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THIS WEEK: How to get a pulse on your mental health, know when you need help

Millions of Americans are impacted by a mental illness every year. Here's how to find out if you are at risk and how you can get help.

MOLINE, Ill. — This week in Your Health, we are taking a moment to get a pulse. 

May is Mental Health Awareness Month, and according to the National Alliance on Mental Illness, millions of people are affected by a mental illness each year. If it's so common, why can it be hard to talk about?

Laurie Edge with the NAMI of the Greater Mississippi Valley's Quad Cities affiliate joined News 8's David Bohlman on News 8 This Week to talk about how we can get a pulse on our own mental health and know when to seek help. 

Edge works with people navigating the mental health space. She's able to do the work she does because she has lived experience.

"I actually have several family members (affect by mental illness)," Edge said. "Some are now deceased, but others are still with us who were diagnosed and live with mental health conditions. My first experience was with my older brother, who was diagnosed with schizophrenia back in 1978. I had no clue what that meant. Being a young adult myself and being in my own life journey, not living in the same state with my brother, I didn't even seek out to see what it meant. But as things and years progressed, we had another brother who actually took his life by suicide ... Then, my younger sister was diagnosed with depression many years ago ... Five years ago we lost a nephew to suicide who was just one month shy of his 16th birthday."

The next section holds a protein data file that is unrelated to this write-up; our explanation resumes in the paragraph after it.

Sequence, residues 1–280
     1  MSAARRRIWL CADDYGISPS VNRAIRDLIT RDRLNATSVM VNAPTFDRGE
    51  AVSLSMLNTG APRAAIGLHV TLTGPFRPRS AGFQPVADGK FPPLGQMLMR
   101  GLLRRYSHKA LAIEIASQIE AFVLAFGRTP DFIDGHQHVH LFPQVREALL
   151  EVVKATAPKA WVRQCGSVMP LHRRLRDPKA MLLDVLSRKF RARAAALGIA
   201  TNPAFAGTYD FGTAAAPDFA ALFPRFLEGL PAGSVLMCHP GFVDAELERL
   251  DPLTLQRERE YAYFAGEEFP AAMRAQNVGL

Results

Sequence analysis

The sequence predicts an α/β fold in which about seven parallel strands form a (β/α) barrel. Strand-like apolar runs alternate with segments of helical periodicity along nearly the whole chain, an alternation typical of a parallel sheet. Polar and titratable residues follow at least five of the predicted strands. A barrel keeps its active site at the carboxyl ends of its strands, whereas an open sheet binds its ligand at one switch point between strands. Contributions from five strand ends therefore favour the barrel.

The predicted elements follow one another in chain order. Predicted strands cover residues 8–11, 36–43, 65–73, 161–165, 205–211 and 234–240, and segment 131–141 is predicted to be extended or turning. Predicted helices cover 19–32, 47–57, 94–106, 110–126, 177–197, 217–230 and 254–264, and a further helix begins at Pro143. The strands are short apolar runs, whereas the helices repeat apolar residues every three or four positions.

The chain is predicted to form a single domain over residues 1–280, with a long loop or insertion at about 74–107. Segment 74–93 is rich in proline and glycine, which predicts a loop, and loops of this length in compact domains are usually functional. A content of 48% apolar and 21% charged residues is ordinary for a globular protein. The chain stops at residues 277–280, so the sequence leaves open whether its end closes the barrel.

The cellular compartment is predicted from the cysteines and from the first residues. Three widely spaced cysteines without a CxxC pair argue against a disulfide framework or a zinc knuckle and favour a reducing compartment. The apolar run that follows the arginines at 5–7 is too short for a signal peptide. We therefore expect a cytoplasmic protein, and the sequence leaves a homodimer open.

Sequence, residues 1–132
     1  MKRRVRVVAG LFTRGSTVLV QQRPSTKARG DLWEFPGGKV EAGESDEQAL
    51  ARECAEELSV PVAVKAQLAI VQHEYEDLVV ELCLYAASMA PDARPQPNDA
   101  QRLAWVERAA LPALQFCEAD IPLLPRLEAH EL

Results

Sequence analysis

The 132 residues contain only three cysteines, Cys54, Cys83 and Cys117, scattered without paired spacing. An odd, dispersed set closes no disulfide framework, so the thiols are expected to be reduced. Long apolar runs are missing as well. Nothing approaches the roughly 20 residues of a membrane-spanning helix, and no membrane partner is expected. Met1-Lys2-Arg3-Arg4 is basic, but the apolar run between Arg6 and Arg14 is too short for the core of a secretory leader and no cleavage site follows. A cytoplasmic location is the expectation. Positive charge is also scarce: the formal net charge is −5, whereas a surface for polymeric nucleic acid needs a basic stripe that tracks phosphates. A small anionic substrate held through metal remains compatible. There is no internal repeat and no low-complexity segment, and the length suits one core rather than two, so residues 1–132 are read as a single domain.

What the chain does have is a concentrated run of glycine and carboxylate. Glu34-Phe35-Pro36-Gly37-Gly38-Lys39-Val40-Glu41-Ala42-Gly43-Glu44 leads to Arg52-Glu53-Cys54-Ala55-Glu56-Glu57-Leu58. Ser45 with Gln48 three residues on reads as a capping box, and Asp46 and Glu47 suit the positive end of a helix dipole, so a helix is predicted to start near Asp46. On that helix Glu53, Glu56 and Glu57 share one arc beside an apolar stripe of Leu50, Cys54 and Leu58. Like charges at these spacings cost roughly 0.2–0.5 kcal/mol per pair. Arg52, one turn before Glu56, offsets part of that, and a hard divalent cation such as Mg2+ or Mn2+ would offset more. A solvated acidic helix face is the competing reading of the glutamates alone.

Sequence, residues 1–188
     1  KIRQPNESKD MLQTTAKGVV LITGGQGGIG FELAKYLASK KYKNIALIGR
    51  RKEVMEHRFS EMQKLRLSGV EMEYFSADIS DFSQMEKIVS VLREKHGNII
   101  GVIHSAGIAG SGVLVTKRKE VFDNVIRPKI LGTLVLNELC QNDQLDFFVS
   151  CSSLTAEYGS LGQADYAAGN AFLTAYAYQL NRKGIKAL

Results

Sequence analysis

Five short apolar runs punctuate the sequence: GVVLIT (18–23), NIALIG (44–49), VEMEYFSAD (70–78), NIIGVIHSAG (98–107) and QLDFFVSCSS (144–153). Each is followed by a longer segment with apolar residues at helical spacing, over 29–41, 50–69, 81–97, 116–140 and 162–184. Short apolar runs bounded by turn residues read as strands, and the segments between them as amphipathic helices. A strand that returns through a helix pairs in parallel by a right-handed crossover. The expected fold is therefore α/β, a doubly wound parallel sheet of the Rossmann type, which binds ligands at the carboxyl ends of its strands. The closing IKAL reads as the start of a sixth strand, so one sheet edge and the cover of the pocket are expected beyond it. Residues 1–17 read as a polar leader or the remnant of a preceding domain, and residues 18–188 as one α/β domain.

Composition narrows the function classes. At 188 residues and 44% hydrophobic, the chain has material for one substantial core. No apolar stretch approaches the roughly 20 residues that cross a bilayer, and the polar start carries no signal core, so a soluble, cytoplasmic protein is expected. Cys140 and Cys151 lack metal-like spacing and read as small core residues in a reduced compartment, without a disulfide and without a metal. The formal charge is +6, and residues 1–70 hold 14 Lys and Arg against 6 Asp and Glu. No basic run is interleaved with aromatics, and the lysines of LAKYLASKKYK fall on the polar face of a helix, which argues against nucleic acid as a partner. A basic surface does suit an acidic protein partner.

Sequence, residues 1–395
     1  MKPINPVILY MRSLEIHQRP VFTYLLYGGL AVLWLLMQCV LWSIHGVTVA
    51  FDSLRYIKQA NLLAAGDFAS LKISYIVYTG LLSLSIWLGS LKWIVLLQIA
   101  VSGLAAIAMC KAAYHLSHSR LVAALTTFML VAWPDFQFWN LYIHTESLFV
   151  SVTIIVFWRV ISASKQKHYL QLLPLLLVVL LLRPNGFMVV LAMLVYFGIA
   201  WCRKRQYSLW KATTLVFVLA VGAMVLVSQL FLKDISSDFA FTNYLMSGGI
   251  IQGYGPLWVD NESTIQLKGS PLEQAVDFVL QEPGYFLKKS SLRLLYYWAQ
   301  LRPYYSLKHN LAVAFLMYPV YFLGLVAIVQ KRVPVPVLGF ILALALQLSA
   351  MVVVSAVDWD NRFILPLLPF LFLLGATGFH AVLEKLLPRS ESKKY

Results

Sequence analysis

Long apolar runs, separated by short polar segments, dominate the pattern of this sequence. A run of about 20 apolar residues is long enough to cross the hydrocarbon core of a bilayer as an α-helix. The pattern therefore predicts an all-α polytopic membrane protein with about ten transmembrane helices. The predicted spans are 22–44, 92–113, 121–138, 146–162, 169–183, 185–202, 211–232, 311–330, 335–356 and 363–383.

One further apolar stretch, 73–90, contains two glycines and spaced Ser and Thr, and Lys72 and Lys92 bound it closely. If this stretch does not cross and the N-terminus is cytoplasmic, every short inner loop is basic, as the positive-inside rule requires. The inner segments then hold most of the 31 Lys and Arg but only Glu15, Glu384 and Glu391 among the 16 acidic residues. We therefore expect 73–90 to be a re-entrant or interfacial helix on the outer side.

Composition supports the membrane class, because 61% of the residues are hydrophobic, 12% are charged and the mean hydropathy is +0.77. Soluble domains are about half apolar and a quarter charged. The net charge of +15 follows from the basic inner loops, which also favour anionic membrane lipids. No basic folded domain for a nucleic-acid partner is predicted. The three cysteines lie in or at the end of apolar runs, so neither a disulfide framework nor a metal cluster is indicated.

Edge took this long list of heartbreak and pain and chose to use it for good. She now works with others struggling with mental health so people know they are not alone, so they know they matter. 

The longer we sit with poor mental health it can bleed over to other aspects of our life. It no longer becomes just a mental health problem. It can become physical, social and financial, too. 

Research has shown the longer that one goes without treatment, the less effective treatment will be, Edge said. The reason is that our brain rewires itself with a mental health condition. The earlier a person is treated, the better the outcome and the better the results of recovery.

But recovery does not look the same for everyone. 

NAMI works to educate the public on mental health by offering tools relating to:

  • Mental health awareness.
  • Directions on how to get a diagnosis.
  • Early detection help.
  • Treatment options.
  • Social-emotional learning.

You can reach NAMI on weekdays by calling 1-800-950-6264.

You don't need to be a person struggling with mental health to reach out to NAMI. Perhaps you know someone who is struggling and you are trying to find ways to help your loved one. They can help with that, too.

If you or someone you know is having thoughts of suicide, there is help available. The Suicide Prevention Lifeline is available 24/7 and can help you or a loved one get access to resources. Call them at 800-273-8255.

Find our full conversation below:

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